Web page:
The 13th edition of Film4 FRIGHTFEST just wrapped up, but what it left is lots of movies and good memories. The biggest and scariest edition ever, with three screens hosting horrific flicks at the Empire Cinema, this FrightFest the 13th marked a definitive change. If until now people knew about the existence of FrightFest, after this year everybody will know about FrightFest, and no-one will be able to think of horror without mentioning it.

On Thursday night the festival kicked off with The Seasoning House, a British film by special effects master Paul Hyett. Being the opening movie implies more pressure, but The Seasoning House proved to be an intense and raw portrait of life and death in the Balkans after the civil war.
Rosie Day is Angel, a deaf and mute kid taken to the eponymous house together with other girls after her parents are killed by the soldiers. Here the girls are forced by the ruthless Viktor (Kevin Howarth) to prostitute, but while taking care of cleaning and drugging her hapless and horribly abused friends, Angel also tries to find her way out of that hell.
Horror at its most etymological meaning, The Seasoning House does not hold any punches as we assist at gruesome violence perpetrated with evil ignorance by despicable men. Girls are treated as meat to be butchered, and only a deaf and mute girl looking for revenge can get in the way. Extraordinary special and visual effects, of course, add value to this already intense movie that totally deserved the opening slot at the festival.

The other highlight of the first day was the British horror-comedy Cockneys vs Zombies. Last year director Matthias Hoene delighted the FrighFest crowd with a clip from the movie, but for this edition the movie was ready to be presented. A funny and gory zombie story set in East London where a group of clumsy bank robbers and old folks living in a retirement home get involved in a fight with menacing zombies who crave flesh and threaten to take over the whole city. A witty script by Frightfest regular James Moran and gory visual effects make CvsZ not the usual zombie flick, but the specific location and slang make it hard to fully enjoy it for someone not familiar with the East London reality. The veteran Alan Ford steals every scene where he is involved, but the whole ensemble of young and old actors is the real strength of a movie. There had been a cast of only young and good-looking heroes it would have been otherwise plain boring.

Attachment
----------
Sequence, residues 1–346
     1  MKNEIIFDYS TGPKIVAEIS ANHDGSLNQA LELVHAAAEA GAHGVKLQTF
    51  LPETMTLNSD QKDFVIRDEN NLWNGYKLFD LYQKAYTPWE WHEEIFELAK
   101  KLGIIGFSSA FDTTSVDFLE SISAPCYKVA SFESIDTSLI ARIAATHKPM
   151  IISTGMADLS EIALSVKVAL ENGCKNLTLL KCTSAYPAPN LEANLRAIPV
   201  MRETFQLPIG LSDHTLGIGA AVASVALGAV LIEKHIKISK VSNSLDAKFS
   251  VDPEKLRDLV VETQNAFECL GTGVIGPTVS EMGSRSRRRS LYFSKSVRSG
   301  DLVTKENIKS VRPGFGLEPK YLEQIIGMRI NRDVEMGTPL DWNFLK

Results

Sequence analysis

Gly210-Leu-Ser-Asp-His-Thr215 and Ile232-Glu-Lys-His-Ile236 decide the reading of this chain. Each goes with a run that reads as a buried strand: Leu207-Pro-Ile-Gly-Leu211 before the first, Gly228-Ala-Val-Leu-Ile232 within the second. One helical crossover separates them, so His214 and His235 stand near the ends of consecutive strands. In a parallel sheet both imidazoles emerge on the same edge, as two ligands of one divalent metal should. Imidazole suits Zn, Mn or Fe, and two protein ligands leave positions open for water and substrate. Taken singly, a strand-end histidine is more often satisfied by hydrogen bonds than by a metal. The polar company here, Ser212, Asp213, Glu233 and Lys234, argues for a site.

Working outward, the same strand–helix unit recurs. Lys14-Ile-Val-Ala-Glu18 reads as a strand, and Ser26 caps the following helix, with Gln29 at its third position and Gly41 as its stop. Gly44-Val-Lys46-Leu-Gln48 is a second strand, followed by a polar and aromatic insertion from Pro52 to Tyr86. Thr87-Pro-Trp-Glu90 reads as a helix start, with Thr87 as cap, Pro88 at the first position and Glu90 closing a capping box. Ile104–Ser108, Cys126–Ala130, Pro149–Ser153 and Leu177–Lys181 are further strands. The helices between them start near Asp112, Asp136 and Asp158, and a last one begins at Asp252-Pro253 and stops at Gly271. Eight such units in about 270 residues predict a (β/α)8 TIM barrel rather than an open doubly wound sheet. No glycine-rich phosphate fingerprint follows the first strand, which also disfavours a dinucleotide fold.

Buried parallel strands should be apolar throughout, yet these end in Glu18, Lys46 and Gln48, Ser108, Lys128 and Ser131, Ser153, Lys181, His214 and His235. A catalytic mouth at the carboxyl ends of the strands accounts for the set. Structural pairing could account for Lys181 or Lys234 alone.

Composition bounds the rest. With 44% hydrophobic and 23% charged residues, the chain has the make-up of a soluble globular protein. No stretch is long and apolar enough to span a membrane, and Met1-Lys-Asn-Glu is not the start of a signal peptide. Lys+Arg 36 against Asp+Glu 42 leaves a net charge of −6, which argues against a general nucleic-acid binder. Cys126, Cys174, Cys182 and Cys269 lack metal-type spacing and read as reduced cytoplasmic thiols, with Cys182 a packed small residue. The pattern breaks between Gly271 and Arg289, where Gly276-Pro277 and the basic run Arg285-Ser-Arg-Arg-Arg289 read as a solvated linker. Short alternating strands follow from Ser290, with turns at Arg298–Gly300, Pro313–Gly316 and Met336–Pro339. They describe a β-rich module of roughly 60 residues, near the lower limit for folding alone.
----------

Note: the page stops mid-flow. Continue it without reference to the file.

The second day saw the presence of Dario Argento himself on the main screen stage. A stuttering knowledge of English did not help the fluency of the interview, but Argento is always Argento, and you cannot do anything, but stare at him in awe thinking about all the things he’s done (between 1970 and 1987) and all the innovative ideas he brought to the horror genre. Ready to release his latest Dracula 3D, Argento tried to convince the crowd it was the movie he wanted to make and that he was inspired by an extraordinary screening in 3D of Dial M for Murder, but the truth is that the trailer and his recent efforts do not help his cause. We’ll see.

Chilean movie Hidden in the Woods by young director Patricio Valladares was one of the disappointing film of FrightFest. Well done and with gory effects crafted with detailed and morbid precision, Hidden in the Woods lacks a more intriguing script and dialogues, and a professional guide for actors who try their best to appear believable. The soap-operish flavor of the twists, the over the top acting and a saturated photography made it look like Hobo with a Shotgun, but without the ironic touch and flashy, psychedelic violence.

Rec 3: Genesis was the movie everyone was expecting on Friday night. Director Paco Plaza and protagonist Leticia Dolera attended the festival explaining the reasons behind this third chapter and why it looks so different from the others. Clara and Koldo are getting married, but their big day and tacky party is ruined by an invasion of zombies that force them to fight for their survival. Paco Plaza keeps the POV style for the first 20 minutes – in a very clever way as usual – and then switches to “normal” to better tell his story and to scare us with a different kind of fear. No more hand held camera, no more claustrophobic buildings, no more dark atmospheres, but big open spaces that feel more constricted, darker and more claustrophobic than ever. Leticia Dolera said she got inspiration from Kill Bill’s bride, and like Uma Thurman’s character Clara is indeed a strong woman who would kill anything and anyone that gets in her way. And wielding a chainsaw does help. A fun ride among fast and slow zombies, Sponge John, cinema verité and possessed friends and relatives that ask for decapitation. A wedding video you will not forget.

REC3: Genesis does not really add anything to the REC saga – at the same time reporter Ángela Vidal is fighting with cameraman Pablo inside the building in Rambla de Catalunya 34 – but it is a blood-soaked and horrific episode that deserves to be acknowledged as an excellent chapter of a yet unfinished saga. The religious twist is something a bit hard to process, but the stunning visual effects and the romantic – yet bitter – ending make the fourth episode worth waiting for.


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